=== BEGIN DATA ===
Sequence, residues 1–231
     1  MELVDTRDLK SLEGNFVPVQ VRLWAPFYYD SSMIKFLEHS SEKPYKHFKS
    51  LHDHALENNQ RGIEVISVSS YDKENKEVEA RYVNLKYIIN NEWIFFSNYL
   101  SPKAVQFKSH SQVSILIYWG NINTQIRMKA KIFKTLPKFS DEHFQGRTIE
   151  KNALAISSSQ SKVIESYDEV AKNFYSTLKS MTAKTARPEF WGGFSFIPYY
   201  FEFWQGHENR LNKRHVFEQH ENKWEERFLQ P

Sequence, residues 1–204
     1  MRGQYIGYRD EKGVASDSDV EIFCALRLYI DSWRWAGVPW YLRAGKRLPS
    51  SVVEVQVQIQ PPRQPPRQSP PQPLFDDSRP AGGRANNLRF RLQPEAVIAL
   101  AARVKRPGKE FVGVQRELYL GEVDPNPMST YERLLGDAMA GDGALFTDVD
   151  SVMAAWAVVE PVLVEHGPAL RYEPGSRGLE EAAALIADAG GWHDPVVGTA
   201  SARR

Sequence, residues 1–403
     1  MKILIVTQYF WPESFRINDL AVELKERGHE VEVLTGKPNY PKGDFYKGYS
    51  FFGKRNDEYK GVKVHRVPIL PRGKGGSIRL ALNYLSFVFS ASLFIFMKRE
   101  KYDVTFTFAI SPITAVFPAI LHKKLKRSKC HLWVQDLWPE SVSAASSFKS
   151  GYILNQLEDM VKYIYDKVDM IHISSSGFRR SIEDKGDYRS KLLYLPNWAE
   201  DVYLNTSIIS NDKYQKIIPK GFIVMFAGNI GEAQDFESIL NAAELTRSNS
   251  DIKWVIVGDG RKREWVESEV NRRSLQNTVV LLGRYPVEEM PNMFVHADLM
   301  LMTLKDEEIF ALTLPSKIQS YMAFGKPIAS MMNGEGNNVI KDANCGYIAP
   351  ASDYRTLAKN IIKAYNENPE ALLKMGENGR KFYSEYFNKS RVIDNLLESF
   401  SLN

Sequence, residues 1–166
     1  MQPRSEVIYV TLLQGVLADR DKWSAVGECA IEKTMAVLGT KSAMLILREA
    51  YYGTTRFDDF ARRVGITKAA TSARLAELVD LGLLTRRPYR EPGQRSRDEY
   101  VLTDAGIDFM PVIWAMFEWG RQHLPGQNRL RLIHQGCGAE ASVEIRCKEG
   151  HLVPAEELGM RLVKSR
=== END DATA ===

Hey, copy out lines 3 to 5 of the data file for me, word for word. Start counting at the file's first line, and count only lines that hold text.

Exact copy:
    51  LHDHALENNQ RGIEVISVSS YDKENKEVEA RYVNLKYIIN NEWIFFSNYL
   101  SPKAVQFKSH SQVSILIYWG NINTQIRMKA KIFKTLPKFS DEHFQGRTIE
   151  KNALAISSSQ SKVIESYDEV AKNFYSTLKS MTAKTARPEF WGGFSFIPYY